Today democrats are defending their decision to go into hiding in protest of the bills, and area gun dealers say they're seeing a spike in sales because of it.
House Minority Leader Kevin McCarthy, a registered member of the NRA, says he stands by the decision to walk out and still agrees the bills are too controversial even for a gun owner like himself.
"I think their proposal is wackadoodle, okay, its way out, way out, far right, its tea party extreme," says McCarthy.
House Speaker Kraig Paulsen says he wants to move forward from the walk out, but wasn't fond of the way Democrats continue to criticize the gun bills.
"I think making fun of gun owners, and people who feel very strongly about their second amendment rights in the state of Iowa, is not only a disservice to Iowans but it's a disservice to the democratic party," says Paulsen.
The walkout did little to discourage Republicans; the House approved the two gun bills Wednesday night.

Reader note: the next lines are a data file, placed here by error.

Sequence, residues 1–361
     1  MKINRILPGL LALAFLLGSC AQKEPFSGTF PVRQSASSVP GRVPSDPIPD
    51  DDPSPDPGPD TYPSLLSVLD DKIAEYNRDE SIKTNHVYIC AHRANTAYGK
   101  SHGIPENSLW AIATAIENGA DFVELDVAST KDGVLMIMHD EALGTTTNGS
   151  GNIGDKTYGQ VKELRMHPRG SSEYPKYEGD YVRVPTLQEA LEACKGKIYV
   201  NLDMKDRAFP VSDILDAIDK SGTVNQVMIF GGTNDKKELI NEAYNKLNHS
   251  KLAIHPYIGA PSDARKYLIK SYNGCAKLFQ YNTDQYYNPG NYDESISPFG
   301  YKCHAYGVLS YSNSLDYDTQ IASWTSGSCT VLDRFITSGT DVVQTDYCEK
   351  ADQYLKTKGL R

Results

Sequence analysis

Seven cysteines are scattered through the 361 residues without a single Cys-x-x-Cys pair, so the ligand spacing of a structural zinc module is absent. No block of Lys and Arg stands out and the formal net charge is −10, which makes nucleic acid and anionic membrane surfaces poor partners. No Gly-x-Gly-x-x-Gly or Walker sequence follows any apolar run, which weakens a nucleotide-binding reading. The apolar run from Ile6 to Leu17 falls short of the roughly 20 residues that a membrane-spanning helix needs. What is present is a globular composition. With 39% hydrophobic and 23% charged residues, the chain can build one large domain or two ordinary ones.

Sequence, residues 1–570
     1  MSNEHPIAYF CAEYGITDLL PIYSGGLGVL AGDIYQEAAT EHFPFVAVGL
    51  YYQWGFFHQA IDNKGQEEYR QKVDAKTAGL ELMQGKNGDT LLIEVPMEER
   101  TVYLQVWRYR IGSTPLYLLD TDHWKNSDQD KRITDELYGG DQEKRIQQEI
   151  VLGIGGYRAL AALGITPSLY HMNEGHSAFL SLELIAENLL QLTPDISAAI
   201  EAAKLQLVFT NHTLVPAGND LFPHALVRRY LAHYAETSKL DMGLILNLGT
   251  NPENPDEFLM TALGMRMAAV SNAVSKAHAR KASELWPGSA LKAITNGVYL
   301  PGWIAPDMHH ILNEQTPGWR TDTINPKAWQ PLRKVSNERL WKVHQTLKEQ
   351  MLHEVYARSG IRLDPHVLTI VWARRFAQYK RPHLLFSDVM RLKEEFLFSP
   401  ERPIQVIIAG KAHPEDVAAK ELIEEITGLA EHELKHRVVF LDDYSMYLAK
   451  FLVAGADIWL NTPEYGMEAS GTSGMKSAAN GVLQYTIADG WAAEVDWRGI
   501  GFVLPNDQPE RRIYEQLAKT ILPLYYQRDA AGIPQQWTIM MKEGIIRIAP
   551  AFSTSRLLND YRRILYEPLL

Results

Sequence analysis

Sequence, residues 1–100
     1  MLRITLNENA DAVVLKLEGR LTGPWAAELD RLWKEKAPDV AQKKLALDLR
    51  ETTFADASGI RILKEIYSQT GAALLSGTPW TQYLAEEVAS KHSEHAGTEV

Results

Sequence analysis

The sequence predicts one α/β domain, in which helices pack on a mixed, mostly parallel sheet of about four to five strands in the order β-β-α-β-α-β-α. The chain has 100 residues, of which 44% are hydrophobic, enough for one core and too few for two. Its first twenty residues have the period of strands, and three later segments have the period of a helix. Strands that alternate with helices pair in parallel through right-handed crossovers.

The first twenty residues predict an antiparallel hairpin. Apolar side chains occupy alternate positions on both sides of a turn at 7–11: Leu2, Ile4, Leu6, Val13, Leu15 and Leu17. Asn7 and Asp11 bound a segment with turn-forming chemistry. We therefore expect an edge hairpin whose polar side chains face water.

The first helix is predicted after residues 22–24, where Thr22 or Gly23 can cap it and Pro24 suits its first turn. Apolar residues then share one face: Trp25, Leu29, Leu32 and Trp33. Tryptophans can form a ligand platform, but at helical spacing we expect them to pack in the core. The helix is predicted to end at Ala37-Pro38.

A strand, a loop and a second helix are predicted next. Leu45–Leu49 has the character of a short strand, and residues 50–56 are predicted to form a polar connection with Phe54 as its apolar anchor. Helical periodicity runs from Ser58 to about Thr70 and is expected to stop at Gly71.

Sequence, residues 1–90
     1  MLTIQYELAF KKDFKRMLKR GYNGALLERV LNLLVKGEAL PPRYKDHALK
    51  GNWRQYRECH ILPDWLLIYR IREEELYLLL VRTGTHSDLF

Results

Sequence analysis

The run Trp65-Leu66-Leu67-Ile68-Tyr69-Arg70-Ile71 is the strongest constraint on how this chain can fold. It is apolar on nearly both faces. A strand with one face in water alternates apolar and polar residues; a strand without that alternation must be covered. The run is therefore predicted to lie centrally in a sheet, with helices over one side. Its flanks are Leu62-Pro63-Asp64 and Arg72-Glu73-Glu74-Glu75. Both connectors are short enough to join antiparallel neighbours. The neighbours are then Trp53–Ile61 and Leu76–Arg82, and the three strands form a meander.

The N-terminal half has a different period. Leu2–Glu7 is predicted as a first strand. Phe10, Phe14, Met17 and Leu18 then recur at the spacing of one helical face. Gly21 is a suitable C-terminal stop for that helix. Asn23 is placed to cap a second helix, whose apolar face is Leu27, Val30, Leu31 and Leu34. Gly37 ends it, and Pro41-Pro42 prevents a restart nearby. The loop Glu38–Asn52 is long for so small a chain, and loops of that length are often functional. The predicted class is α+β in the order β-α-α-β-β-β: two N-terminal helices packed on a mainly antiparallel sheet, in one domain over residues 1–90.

One dealing with the right to bear arms, the other changes Iowa's current law regarding the right to use reasonable force in self-defense.
Over at the Gun Shoppe, the issue has caused sales to spike.
Owner Mike Sporer sales increased after last years change in the gun permit law. He anticipates another spike in light of the latest legislation.
"We have 100,000 permit holders in Iowa now, it's doubled since the first of the year. There were a lot of people who wanted to, thought about it and the change in the law kind of brought it up again. A lot of people thought, now's the time I'm going to take the step and do it," says Sporer.
Sporer says the provision to be able to defend yourself when confronted by a violent attacker, rather than be forced to retreat is something most gun owners would follow anyway regardless of the law.
"The people that I meet in here are very practical pragmatic people the last thing anybody wants to do is use deadly force, so I think it's a natural reaction to retreat but sometimes that's not very practical especially in your home," says Sporer.
The gun bills will now move to the Democratic controlled Senate.